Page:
Late-breaking data from the TRILUMINATE clinical study showed the superiority of the TriClip system, and five-year follow-up data from the COAPT trial showed that MitraClip therapy reduced the risk of hospitalisations by almost half
Abbott announced that its TriClip transcatheter edge-to-edge repair (TEER) system is superior to medical therapy in treating patients with tricuspid regurgitation (TR), who are at risk for open-heart surgery.
The announcement is based on late-breaking data from the TRILUMINATE clinical study, which evaluated the safety and effectiveness of the TriClip system compared to medical therapy.
The TRILUMINATE trial met its composite primary endpoint, establishing the superiority of the TriClip system compared to the control group, driven by improvement in quality of life.
In the study, 87% of patients who received the TriClip system experienced a significant reduction in TR grade to moderate or less, at 30 days compared to 4.8% of patients in the control group.
The system also contributed to significant improvement in quality of life, and a strong safety profile, with no reports of device embolisation or device thrombus.
Abbott structural heart business senior vice president Michael Dale said: “These TRILUMINATE Pivotal data show TriClip is the first minimally invasive device therapy for the treatment of tricuspid regurgitation to provide durable improvements in TR severity and quality of life that go beyond taking medication to manage symptoms.
“When left unaddressed, TR can be debilitating and life-threatening. By repairing the damage caused by structural heart disease, TriClip G4 and our latest technological innovations are helping people reclaim their lives so they can get back to doing what they love.”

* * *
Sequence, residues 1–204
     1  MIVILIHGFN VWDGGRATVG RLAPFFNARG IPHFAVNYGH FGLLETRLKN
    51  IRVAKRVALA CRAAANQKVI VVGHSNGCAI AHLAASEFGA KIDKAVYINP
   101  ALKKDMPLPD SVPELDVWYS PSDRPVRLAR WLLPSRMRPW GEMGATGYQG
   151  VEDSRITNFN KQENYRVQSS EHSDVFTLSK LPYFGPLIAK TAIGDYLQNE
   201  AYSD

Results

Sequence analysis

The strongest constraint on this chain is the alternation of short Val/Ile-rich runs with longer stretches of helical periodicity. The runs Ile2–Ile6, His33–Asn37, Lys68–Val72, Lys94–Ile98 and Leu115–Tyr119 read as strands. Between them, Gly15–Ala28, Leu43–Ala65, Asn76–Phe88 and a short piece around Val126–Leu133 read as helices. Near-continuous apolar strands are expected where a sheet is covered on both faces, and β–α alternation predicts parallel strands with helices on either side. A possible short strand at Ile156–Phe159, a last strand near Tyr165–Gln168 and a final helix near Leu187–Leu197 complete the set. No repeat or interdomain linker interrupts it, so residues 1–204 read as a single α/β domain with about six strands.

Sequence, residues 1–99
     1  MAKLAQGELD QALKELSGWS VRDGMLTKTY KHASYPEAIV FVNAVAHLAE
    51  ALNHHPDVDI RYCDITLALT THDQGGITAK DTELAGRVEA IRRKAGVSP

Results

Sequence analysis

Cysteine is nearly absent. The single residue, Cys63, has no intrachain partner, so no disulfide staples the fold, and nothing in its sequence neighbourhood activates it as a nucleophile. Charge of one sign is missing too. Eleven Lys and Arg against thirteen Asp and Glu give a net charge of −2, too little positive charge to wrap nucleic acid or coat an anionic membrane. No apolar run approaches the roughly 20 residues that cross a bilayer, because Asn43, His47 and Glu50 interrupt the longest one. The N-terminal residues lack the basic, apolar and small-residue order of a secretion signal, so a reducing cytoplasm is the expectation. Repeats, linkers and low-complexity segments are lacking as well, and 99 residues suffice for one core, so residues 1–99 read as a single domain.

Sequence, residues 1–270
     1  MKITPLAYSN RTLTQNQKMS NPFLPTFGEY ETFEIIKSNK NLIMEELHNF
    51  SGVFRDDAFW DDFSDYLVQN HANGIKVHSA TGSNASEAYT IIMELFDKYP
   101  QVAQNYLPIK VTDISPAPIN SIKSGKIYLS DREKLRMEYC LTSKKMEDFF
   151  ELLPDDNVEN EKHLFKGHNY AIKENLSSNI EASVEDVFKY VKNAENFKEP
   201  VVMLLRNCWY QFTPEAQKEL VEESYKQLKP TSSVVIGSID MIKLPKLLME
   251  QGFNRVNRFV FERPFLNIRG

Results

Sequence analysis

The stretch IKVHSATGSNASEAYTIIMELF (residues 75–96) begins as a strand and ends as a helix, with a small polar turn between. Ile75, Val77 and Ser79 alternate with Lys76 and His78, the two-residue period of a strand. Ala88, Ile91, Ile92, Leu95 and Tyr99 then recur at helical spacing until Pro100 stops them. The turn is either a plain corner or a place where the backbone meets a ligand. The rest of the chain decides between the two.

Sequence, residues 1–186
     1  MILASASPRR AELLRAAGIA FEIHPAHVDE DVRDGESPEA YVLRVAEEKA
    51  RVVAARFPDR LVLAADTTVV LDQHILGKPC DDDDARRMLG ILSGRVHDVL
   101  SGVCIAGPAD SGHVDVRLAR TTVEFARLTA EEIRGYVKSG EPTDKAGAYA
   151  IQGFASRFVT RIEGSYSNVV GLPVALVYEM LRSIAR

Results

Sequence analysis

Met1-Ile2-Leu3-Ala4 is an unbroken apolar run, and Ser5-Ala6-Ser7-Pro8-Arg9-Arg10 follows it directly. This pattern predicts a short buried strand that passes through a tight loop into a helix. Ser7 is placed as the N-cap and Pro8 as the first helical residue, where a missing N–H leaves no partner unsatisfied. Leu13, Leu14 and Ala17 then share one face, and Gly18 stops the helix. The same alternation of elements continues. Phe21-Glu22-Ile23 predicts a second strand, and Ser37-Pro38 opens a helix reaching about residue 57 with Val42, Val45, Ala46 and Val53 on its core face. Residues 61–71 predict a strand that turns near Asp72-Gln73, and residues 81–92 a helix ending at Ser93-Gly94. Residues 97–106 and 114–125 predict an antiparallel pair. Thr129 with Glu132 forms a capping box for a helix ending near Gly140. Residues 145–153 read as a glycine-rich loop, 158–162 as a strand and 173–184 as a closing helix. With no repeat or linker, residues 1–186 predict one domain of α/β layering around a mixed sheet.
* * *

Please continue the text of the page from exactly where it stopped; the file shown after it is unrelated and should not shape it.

In a separate development, Abbott announced that its MitraClip therapy shows long-term benefits in treating leaky valves in people with mitral regurgitation (MR), based on five-year data from the COAPT trial.
The study results showed that MitraClip is safe and effective and can cut the rate of hospitalisations while improving survival for heart failure patients with severe secondary MR.
Severe secondary MR is a consequence of left ventricular (LV) dysfunction, where a leaky valve allows blood to flow back through the mitral valve.
In the COAPT trial, patients with severe secondary MR were randomised to receive treatment with MitraClip plus guideline-directed medical therapy or guideline-directed medical therapy alone.
The five-year patient follow-up data from the COAPT trial showed that MitraClip therapy significantly reduced the risk of annualised hospitalisations by almost half.
It also reduced the risk of death by almost 30%, and achieved durable MR reduction in 95% of patients from moderate-to-severe or severe to mild or moderate, said the US medical device maker.
COAPT trial co-principal investigator Gregg W Stone said: “Secondary mitral regurgitation is difficult to diagnose and manage, and is often associated with a poor prognosis.
“These five-year COAPT results further confirm that MitraClip is safe and effective at treating secondary MR in advanced heart failure patients, durably reducing hospitalisations and helping patients live longer.”